Overall, it is therefore advised to be cautious when taking X-rays of the spine, as only a few of the possible changes can be seen and still create a great deal of uncertainty due to accidental findings. Radiation exposure also suggests that X-rays of the spine should only be taken in selected cases, such as in the event of suspected injury to the bony parts of the spine, for example after an accident.

Magnetic resonance imaging (MRI) examinations of the spine

Just a few years ago, magnetic resonance imaging (MRI) was only available at a few centres. Today that’s different: Magnetic resonance imaging is now performed almost as often as X-rays of the spine and is therefore one of the most frequently performed diagnostic examinations of the spine. 4

Compared to X-rays, magnetic resonance imaging has two decisive advantages: On the one hand, it has no radiation exposure, since the images are not generated with the aid of X-rays but by magnetic fields. On the other hand, MRIs can also display changes in the intervertebral discs or other parts that do not consist of bones in high resolution – and in contrast to conventional X-rays also in three dimensions. 16

If warning signs appear in the doctor-patient consultation that may indicate a course requiring treatment (so-called red flags), experts therefore generally recommend magnetic resonance imaging as the first choice for further clarification. 17

But also with magnetic resonance imaging it must always be considered: Often the pictures show changes that have nothing to do with the complaints. For example, more than a third of completely symptom-free people have herniated discs, which can be seen in the magnetic resonance image but obviously do not cause any discomfort! 18, 19

Although, in principle, magnetic resonance imaging has only a few “side effects”, it should only be used very carefully for back pain, since some changes that would otherwise be random findings and do not explain the pain are discovered. These findings are sometimes even (wrongly) operated on – often without success, of course. 20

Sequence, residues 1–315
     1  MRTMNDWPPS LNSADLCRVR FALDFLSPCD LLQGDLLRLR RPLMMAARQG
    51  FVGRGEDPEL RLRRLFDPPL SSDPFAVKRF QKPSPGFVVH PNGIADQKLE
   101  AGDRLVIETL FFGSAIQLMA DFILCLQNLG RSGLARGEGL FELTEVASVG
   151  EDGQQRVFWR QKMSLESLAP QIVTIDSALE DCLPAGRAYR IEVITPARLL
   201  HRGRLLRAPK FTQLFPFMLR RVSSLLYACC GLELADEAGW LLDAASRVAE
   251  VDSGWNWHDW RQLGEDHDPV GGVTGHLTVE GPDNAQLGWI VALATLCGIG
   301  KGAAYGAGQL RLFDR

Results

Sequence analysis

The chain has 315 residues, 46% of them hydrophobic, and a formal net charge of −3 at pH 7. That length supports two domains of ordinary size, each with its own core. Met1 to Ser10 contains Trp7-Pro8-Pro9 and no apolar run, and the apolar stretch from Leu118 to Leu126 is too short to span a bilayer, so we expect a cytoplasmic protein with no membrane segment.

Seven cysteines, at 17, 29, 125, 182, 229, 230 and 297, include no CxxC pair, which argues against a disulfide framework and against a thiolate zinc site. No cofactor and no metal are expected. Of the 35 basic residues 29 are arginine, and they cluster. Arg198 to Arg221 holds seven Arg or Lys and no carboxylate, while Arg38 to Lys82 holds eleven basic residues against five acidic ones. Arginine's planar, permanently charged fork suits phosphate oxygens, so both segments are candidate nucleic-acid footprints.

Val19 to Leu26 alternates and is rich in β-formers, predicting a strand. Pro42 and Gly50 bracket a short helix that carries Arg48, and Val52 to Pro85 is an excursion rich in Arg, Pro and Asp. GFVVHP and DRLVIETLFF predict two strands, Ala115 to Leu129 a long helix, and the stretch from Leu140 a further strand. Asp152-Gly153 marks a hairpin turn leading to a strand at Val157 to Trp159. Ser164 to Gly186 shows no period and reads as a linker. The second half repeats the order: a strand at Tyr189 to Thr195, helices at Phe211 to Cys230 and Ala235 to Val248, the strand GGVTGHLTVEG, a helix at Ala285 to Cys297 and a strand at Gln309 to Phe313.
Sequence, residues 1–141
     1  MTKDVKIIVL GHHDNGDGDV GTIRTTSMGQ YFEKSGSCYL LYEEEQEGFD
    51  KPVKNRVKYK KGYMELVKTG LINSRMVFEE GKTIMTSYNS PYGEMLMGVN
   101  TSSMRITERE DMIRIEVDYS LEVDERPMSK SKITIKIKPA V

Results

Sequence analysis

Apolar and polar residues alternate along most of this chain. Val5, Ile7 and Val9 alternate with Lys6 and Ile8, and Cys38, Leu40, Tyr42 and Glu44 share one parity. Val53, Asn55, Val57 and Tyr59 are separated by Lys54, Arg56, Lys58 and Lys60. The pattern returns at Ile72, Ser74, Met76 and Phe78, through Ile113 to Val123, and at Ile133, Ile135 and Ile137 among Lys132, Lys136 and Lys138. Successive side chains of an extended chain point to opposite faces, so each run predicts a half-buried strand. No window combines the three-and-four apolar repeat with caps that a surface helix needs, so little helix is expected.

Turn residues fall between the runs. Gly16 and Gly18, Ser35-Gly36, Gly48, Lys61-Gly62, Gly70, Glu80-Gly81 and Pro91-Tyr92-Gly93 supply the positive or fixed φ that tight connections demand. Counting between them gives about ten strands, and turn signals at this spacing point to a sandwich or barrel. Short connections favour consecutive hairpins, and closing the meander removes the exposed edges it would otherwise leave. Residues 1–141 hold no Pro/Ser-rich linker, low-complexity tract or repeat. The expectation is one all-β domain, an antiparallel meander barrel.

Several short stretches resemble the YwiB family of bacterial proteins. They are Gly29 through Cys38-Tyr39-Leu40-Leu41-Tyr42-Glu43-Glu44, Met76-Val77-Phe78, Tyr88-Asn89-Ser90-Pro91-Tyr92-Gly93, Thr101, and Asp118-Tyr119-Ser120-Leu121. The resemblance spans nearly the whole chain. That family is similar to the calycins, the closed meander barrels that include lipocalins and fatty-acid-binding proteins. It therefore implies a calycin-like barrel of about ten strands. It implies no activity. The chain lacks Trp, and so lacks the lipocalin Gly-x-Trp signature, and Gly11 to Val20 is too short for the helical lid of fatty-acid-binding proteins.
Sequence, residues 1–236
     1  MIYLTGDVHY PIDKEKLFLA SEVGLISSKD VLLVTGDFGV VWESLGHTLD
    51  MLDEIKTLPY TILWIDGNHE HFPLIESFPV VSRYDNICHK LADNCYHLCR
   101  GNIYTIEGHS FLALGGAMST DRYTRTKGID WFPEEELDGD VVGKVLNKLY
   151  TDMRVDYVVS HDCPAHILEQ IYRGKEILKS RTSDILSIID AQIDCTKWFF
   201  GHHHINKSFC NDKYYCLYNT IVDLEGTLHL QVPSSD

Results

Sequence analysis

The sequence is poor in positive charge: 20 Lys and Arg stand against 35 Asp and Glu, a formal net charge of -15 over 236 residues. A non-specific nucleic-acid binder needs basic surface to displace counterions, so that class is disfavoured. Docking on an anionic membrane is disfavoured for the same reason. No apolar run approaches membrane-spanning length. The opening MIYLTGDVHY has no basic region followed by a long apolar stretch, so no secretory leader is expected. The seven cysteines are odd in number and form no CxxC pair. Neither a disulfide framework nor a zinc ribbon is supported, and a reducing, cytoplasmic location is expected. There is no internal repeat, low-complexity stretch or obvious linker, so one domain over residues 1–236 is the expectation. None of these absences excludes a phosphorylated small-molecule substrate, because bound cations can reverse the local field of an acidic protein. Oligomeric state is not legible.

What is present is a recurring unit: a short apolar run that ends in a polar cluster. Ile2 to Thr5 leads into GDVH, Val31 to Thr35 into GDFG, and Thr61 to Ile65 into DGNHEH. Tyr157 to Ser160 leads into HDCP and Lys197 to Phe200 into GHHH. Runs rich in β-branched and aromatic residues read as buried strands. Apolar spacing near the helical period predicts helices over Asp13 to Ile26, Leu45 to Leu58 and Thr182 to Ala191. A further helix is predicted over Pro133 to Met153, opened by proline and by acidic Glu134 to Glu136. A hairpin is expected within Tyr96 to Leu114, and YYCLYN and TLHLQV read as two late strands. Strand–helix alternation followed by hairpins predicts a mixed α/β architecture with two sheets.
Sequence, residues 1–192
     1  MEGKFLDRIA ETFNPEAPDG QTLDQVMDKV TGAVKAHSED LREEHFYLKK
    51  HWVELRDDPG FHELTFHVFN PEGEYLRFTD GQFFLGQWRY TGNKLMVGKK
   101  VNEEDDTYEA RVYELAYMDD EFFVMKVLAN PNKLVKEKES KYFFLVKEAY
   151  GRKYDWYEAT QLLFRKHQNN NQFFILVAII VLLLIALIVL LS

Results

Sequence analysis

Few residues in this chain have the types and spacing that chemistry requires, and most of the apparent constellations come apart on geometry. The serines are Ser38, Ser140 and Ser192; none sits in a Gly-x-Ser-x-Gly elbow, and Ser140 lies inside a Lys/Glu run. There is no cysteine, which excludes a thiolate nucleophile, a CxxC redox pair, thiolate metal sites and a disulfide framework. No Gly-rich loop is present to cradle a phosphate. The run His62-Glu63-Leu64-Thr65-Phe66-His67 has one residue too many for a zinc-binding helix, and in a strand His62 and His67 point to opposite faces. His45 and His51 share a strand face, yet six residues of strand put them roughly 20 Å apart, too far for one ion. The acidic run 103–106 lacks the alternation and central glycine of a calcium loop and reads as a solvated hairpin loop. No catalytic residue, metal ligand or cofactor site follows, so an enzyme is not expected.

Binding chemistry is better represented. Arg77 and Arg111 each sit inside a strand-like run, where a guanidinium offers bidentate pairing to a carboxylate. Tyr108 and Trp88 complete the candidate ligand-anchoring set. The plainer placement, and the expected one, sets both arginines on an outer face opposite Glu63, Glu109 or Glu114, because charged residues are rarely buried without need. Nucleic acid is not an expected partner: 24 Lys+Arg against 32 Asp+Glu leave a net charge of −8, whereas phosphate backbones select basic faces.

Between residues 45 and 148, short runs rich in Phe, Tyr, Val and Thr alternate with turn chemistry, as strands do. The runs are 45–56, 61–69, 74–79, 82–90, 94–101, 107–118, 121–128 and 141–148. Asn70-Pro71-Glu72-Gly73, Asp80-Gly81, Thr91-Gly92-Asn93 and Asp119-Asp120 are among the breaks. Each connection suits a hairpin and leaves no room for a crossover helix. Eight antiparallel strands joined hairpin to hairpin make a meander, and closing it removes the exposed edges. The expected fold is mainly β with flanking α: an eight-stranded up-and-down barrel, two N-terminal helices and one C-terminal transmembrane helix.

Computed tomography for back pain is rarely necessary

As with X-ray examinations, computer tomography (CT) uses X-rays to take medical images, which, as with conventional X-ray images, means that the bones in particular can be seen well in the spinal region. 21

In contrast to “normal” X-ray examinations, however, three-dimensional images are created in computer tomography – which in principle represents a tremendous advantage. However, this advantage is only possible because the radiation exposure is significantly higher than with conventional X-rays. 22

Because magnetic resonance imaging is better able to visualize the non-bone parts of the spine than computer tomography and does not show any radiation exposure, MRI of the spine is used more often for back pain. 4

CT examinations of the spine are thus usually only rarely reserved for cases in which, for example, an MRI examination would be indicated but cannot be performed or the bones are to be depicted particularly precisely, which is often successful with CT examinations.

Summary: Usually no medical images are necessary for back pain

Very few patients with back pain have changes to the spine that require treatment. If there are no warning signs in the physical examination or the doctor-patient consultation, changes requiring urgent treatment can be expected so rarely (less than one percent of those affected) that experts initially recommend no medical images. 23

However, because accidentally discovered findings often unsettle patients, it is all the more important to exercise restraint in imaging diagnostics! 24

If there is a well-founded suspicion that changes in the spine that require treatment cause the symptoms, medical imaging should of course be arranged.

In the majority of cases, magnetic resonance imaging of the spine is the first choice for further clarification. The reason for this is, on the one hand, the comparatively good presentation of non-bony changes and the lack of radiation exposure of the examination.